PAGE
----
Get a Boost Against COVID: What You Need to Know About Boosters

HHS_Get a Boost Against COVID-What You Need to Know About Boosters

By the We Can Do This COVID-19 Public Education Campaign & India Post News Service

COVID vaccines and boosters have reduced the threat of COVID, allowing many people to gather, travel, and celebrate with more peace of mind. Vaccines and boosters provide the best protection against the worst outcomes of COVID, yet people still have many questions around boosters.

As of August 10 CDC data showed that while Asian Americans were among the highest boosted group—with nearly 70 percent of those eligible having received their first booster doses—only 14 percent of fully vaccinated Asian Americans 50 years or older have gotten their second booster. First booster rates are still low for Native Hawaiians and Pacific Islanders, with less than half of the population age 5 and older receiving their first booster doses.

To that end, the We Can Do This COVID-19 Public Education Campaign has engaged community-based organizations as partners to increase vaccine and booster uptake across the country.

A partnership between Pacific Island Ethnic Art Museum (PIEAM) and Empowering Pacific Islander Communities (EPIC) has humanized the numbers behind those lost to COVID-19 with a curated community exhibit titled, Toe Fo’i: The Return. Through the power of storytelling from 6 Pasifika artists, Toe Fo’i: The Return evokes a narrative that “reminds visitors the stories of those lost are the stories of those who survived,” says Kiki Rivera, PIEAM Guest Curator and EPIC Storyteller.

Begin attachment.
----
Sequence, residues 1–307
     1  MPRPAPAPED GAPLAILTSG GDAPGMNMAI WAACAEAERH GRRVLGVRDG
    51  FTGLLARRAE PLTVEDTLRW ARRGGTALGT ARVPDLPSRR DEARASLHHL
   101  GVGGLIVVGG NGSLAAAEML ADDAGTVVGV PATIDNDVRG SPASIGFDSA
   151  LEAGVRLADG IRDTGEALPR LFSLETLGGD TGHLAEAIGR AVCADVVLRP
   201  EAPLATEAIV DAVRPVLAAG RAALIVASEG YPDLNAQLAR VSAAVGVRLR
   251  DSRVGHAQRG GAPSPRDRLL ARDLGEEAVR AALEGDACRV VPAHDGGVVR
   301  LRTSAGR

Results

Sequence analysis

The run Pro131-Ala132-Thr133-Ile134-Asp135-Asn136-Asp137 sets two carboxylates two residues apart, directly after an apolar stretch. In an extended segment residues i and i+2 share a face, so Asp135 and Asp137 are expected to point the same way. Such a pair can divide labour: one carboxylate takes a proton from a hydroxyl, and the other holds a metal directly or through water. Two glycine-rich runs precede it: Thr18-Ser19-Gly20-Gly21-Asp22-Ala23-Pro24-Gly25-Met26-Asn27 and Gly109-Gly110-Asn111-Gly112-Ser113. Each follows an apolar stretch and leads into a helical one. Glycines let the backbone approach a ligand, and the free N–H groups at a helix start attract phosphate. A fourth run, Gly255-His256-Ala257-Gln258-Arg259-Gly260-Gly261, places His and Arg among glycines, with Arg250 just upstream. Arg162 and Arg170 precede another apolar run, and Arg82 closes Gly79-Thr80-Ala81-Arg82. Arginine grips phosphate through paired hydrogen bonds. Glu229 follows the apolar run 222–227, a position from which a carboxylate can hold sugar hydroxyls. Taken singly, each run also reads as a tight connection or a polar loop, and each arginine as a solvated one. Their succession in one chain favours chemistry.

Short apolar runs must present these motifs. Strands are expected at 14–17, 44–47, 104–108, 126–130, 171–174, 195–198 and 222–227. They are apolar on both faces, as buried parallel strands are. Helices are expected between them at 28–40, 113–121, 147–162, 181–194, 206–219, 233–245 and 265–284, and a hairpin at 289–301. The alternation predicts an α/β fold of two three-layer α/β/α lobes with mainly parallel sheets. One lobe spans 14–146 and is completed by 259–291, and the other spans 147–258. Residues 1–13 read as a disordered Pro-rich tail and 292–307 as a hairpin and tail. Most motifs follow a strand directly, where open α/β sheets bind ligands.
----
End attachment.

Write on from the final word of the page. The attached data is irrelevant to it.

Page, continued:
“COVID-19 devastated our Native Hawaiians and Pacific Islanders,” says Rivera, “We are as dedicated to drawing awareness to the importance of vaccines and boosters as we are to guiding our communities through the hurdles of misinformation, fear, mistrust, and entitlement that surround the topic.”

Here is what people should know about the COVID boosters:

Boosters provide the best protection against severe illness and death. Over time, vaccines may become less effective at preventing COVID, and just because you’ve had COVID doesn’t mean you can’t get it again. Getting boosted extends your protection and keeps you safer from emerging variants. A booster shot is another dose that — as the name suggests — boosts immunity to the virus as time passes. Vaccinated people who have also had a booster are less likely to get sick; but if they do catch the virus, the illness is usually less severe. For adults, age 65 or older, boosters can more than double their protection.

Vaccines and boosters protect vulnerable populations against COVID. Everyone 5 or older who has completed their initial COVID vaccination series should get a booster. Individuals who are up to date on COVID vaccines not only receive protection for themselves, but they also help reduce the spread of COVID to people who are at high risk due to age or compromised immune systems.

Second boosters provide added protection for people at higher risk. Adults age 50 or older and immuno-compromised individuals can improve their protection even more with a second booster. CDC recommends second boosters, with either the Pfizer or Moderna vaccines, for:

  1. People age 50 or older, who got their first booster four months or more ago
  2. People who got a Johnson & Johnson vaccine and their first booster with a Johnson & Johnson dose at least four months ago
  3. Residents of long-term care settings
  4. People with certain underlying medical conditions that impact their immune systems, and pregnant and recently pregnant people

Boosters are readily available to all vaccinated people age 5-years or older. Just like the vaccines, booster shots are available at no cost to anyone living in the U.S. People who got Pfizer or Moderna vaccines should get a booster five months after the initial doses. Vaccinated adults 18 or older may choose any available vaccine as a booster, regardless of the type or brand of vaccine received previously. Only the Pfizer vaccine is available as a booster for those ages 5 to 17.

For more information and to find a vaccine, visit


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